The emotional, mental and physical endurance are necessary

Ask any swimmer about the trials and tribulations of swimming and the full athlete experience. They will gladly inform you of their gruelling routine which is religiously followed with an eager heart whilst chasing a goal, a dream, in short, their vision of success. A typical day of training starts with an early morning session about two hours, a gruelling gym session, followed by the notorious evening three-hour sets. Not to mention, while everyone else enjoys their weekends, swimmers still dedicate themselves to Friday and Saturday sessions, and if they are lucky a Sunday recovery session might be the reward for the hard work of the week. All of this done for the love of the sport and the personal victory of achieving a goal. This routine is repeated all year round, by all swimmers - from the blind and visually impaired (VIP), disabled and able-body swimmers. The emotional, mental and physical endurance necessary to clock all those hours on the pool indicates the strong will and character developed by the sport.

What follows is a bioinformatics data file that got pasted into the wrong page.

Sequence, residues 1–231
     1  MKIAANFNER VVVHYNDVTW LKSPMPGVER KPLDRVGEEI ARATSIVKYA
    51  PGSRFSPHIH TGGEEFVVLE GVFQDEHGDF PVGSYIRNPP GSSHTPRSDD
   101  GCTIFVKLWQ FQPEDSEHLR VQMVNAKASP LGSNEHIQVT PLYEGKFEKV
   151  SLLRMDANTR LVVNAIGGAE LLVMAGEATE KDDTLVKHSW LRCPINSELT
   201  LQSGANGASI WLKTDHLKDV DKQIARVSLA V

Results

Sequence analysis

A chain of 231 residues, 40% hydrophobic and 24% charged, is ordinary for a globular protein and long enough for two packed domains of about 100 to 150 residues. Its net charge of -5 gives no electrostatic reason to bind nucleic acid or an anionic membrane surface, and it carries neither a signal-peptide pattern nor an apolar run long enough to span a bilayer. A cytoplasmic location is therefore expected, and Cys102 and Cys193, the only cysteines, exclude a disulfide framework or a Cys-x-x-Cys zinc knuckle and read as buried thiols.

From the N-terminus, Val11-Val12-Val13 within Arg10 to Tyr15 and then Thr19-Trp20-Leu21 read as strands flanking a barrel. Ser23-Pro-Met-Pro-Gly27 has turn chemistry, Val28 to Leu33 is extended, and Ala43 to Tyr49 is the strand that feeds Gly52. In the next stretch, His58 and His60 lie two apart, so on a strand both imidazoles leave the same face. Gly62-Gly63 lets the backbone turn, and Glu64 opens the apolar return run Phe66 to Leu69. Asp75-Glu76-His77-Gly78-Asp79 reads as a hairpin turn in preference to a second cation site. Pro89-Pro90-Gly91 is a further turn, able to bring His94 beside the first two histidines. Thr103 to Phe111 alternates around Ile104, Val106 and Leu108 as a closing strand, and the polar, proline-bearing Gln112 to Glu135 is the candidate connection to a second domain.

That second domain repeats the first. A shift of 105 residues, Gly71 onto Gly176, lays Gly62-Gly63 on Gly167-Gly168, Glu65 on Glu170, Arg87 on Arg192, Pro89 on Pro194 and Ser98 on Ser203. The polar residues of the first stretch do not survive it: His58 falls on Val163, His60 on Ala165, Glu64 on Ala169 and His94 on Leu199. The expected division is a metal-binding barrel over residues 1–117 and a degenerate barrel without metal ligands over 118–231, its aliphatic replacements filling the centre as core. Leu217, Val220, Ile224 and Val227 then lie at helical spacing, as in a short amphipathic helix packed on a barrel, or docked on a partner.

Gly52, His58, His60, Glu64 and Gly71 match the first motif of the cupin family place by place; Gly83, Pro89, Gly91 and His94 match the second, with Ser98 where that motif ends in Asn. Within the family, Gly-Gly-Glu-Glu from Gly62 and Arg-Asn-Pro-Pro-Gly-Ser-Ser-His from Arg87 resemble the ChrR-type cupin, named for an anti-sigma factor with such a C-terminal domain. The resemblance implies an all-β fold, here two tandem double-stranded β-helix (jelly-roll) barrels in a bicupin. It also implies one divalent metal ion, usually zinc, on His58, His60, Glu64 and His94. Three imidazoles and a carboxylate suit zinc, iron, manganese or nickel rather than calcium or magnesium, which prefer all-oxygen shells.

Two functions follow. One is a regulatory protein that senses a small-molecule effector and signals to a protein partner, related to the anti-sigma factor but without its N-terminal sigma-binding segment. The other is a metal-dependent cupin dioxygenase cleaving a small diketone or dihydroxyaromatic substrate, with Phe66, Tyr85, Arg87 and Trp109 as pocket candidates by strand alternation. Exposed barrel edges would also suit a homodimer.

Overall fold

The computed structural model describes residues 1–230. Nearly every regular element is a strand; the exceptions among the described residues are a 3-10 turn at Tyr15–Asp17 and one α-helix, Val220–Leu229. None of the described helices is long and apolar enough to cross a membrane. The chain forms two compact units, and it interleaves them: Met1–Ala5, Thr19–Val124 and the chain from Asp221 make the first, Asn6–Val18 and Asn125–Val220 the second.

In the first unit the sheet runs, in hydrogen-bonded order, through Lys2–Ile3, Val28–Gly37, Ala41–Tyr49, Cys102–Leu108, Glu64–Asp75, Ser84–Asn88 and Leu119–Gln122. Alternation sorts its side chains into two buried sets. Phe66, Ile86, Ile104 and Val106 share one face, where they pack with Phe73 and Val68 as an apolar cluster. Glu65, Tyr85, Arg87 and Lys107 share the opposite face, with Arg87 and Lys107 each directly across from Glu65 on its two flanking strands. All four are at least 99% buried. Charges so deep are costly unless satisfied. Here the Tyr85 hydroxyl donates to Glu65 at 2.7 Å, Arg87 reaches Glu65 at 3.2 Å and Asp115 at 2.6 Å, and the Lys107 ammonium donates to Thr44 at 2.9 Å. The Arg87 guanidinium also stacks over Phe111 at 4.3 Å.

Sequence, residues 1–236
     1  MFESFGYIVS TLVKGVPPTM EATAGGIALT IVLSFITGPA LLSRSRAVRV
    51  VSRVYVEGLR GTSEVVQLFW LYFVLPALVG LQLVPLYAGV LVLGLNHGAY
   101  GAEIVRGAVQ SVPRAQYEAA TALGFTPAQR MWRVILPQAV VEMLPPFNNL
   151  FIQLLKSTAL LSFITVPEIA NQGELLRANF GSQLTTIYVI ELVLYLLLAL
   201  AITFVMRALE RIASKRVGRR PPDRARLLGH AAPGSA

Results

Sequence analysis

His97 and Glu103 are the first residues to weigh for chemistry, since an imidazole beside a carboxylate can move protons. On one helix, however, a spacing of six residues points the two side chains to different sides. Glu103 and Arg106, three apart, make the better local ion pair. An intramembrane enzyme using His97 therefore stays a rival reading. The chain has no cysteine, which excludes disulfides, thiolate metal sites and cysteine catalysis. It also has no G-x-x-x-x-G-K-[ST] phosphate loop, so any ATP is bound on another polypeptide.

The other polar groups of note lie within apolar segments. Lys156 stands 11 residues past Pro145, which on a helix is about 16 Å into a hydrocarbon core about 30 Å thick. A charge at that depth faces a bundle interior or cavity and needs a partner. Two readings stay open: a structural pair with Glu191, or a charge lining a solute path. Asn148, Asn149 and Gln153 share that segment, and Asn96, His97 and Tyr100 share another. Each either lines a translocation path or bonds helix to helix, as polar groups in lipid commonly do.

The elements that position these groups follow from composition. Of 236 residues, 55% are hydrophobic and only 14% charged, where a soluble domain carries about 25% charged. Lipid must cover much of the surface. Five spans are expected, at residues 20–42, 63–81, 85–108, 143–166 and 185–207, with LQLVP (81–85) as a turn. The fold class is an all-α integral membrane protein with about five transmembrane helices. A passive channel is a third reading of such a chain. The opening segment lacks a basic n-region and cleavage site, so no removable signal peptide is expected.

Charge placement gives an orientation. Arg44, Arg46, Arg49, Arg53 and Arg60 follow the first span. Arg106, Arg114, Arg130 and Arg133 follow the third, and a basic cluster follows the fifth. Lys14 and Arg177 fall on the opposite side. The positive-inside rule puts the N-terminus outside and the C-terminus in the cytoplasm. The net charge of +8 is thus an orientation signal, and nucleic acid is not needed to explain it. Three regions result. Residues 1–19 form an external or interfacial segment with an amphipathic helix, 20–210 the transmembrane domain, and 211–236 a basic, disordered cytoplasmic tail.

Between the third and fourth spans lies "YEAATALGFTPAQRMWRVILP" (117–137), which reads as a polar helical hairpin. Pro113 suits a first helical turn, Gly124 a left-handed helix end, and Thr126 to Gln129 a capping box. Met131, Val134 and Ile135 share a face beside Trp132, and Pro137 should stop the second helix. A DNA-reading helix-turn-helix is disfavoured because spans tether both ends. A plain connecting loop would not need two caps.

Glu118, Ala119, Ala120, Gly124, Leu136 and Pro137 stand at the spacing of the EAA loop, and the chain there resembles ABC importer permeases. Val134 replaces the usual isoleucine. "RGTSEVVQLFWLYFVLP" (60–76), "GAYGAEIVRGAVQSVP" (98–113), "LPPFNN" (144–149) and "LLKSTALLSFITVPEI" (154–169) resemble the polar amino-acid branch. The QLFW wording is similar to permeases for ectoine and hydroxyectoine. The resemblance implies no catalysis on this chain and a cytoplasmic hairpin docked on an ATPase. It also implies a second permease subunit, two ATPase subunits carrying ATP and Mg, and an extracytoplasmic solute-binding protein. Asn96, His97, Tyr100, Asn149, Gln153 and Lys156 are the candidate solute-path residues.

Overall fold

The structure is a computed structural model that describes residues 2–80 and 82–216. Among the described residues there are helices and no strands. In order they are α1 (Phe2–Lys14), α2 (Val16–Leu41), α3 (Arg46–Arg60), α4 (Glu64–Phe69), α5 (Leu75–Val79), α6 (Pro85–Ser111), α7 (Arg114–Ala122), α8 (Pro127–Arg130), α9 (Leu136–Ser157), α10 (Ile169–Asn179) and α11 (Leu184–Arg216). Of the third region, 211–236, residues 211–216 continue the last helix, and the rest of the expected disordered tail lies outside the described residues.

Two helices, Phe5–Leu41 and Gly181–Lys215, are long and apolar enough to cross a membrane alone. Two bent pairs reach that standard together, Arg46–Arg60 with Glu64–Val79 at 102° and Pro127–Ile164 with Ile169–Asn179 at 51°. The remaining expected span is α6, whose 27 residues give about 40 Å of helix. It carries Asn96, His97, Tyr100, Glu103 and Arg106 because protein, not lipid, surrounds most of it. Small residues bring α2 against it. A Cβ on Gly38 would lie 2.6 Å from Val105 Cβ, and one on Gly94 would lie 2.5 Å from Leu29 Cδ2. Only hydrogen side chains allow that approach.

VIP swimming is recognised as a Paralympic sport, and will be well represented at Rio. VIP swimmers are expected to perform the same strokes as their able body counterparts, so freestyle, butterfly, backstroke and breaststroke. The various distances they compete in range from the 50m sprint, to the longer distances such as the 800m and 1500m. They are led to the starting blocks, and a buzzer signifies the start of the race. VIPs also compete in relay events.

Visually impaired swimmers racing with tappers waiting on the side Image: Visually impaired swimmers racing with tappers waiting on the side.

You may wonder how do they know when their teammate touches the wall, or how do they know where the wall is to turn- for individual races and relays? Well, a team coach directs the takeover for relays, while a technique called tapping was developed to let the swimmer know that the end of the pool is coming, and when to turn. A knowledgeable and experienced sighted sport guide (tapper), stands at each end of the pool, holding a long pole with a soft circular ball on the end. As the swimmer approaches they are tapped on the head. These tappers are essential in enabling VIP swimmers to reach their optimum performance level, and a high level of trust is crucial. The relationship between the tapper and swimmer make it possible for VIP swimmers to test their limits in training and competition. We wish all competitors the best of luck for the games, and that their results are a fair reflection of all the hard work put into their passion.